US Wealth Gap Might've Reached Pre-Great Depression Levels

According to new research, U.S. wealth concentration is back to 1920s levels.

US Wealth Gap Might've Reached Pre-Great Depression Levels
Getty Images

New research suggests the wealth gap in the U.S. has reached a level it hasn't seen since before the Great Depression. 

Preliminary findings from the National Bureau of Economic Research shows the top 1 percent of America's richest families hold about 40 percent of total household wealth. 

According to available data, that hasn't happened since the 1920s. 

Wealth in this case is defined as net worth, but it doesn't include assets like cars and furniture. But, as the researcher points out, it can be hard to determine just how much money the wealthy have due to hidden assets held in offshore bank accounts.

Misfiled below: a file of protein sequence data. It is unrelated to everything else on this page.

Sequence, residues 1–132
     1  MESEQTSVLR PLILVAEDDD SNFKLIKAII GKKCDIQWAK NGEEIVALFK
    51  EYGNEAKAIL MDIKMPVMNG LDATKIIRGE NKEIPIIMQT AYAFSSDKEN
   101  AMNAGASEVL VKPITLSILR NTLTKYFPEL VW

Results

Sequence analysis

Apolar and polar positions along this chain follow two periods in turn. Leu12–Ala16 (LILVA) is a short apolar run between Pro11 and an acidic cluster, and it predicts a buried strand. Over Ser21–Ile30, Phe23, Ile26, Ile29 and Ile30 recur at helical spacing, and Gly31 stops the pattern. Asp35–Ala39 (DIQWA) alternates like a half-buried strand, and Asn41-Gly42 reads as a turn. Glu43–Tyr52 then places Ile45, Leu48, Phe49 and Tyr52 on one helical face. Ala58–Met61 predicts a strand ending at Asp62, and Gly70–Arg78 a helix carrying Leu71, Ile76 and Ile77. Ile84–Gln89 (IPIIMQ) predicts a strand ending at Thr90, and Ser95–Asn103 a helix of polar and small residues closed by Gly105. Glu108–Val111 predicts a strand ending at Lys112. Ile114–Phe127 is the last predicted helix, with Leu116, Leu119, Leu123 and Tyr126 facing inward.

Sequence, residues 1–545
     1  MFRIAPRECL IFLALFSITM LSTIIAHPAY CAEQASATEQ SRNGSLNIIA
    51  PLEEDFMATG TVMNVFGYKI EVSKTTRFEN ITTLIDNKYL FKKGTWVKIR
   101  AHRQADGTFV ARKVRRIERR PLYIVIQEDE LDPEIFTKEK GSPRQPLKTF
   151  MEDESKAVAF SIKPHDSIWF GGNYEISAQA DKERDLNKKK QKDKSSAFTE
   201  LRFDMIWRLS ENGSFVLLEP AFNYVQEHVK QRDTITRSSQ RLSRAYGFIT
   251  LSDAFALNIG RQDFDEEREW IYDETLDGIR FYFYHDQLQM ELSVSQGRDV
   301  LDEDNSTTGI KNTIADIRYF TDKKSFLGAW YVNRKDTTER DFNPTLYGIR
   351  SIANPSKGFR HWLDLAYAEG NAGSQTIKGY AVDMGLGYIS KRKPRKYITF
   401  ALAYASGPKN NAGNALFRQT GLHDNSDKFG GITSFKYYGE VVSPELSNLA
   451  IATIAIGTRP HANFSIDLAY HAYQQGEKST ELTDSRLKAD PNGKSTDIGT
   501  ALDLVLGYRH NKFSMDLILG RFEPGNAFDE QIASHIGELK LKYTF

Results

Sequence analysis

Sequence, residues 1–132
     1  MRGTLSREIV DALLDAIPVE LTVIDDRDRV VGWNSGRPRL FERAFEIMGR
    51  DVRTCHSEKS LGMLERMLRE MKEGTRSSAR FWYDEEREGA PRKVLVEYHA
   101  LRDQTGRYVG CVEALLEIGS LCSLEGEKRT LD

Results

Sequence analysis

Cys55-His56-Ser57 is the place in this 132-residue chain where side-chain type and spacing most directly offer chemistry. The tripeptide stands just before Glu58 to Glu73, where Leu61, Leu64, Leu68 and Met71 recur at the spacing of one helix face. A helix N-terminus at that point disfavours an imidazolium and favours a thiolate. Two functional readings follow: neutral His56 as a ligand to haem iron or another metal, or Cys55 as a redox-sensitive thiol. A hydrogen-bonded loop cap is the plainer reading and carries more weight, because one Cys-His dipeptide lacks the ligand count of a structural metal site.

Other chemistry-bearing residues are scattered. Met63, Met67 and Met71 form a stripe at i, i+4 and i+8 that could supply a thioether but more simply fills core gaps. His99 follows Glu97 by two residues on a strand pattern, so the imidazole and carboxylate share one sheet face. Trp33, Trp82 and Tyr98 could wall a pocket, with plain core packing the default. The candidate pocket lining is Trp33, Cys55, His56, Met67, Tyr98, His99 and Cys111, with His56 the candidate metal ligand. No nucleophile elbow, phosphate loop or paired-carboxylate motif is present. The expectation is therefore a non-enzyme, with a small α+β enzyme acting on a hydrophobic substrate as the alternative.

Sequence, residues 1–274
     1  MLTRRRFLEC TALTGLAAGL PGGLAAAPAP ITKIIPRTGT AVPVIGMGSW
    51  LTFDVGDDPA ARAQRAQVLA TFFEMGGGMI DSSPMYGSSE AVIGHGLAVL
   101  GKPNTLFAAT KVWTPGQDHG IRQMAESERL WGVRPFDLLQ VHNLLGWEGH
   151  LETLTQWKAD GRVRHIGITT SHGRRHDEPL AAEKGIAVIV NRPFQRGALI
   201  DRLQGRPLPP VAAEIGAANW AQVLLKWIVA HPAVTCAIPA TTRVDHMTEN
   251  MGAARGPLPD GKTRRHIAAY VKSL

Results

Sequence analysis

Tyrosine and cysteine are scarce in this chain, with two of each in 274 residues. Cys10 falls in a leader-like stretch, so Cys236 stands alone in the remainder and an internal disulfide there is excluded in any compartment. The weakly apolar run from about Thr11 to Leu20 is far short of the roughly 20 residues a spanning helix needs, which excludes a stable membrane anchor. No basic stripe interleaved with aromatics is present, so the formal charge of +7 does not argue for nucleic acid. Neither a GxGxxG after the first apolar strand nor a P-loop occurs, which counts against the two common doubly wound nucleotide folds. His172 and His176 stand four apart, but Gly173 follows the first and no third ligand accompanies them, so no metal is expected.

And wealth isn't just unevenly distributed in the U.S. This data shows that China and Russia also have large wealth concentrations, with a similar trend happening in France and the U.K. 

While other experts argue wealth inequality is a temporary situation, it's still an issue that at least some lawmakers are taking notice of. 

Most recently, Sen. Elizabeth Warren floated the idea of taxing the net worth of the richest Americans in order to fund social programs. Warren has previously been advised on wealth inequality by the author of this latest research.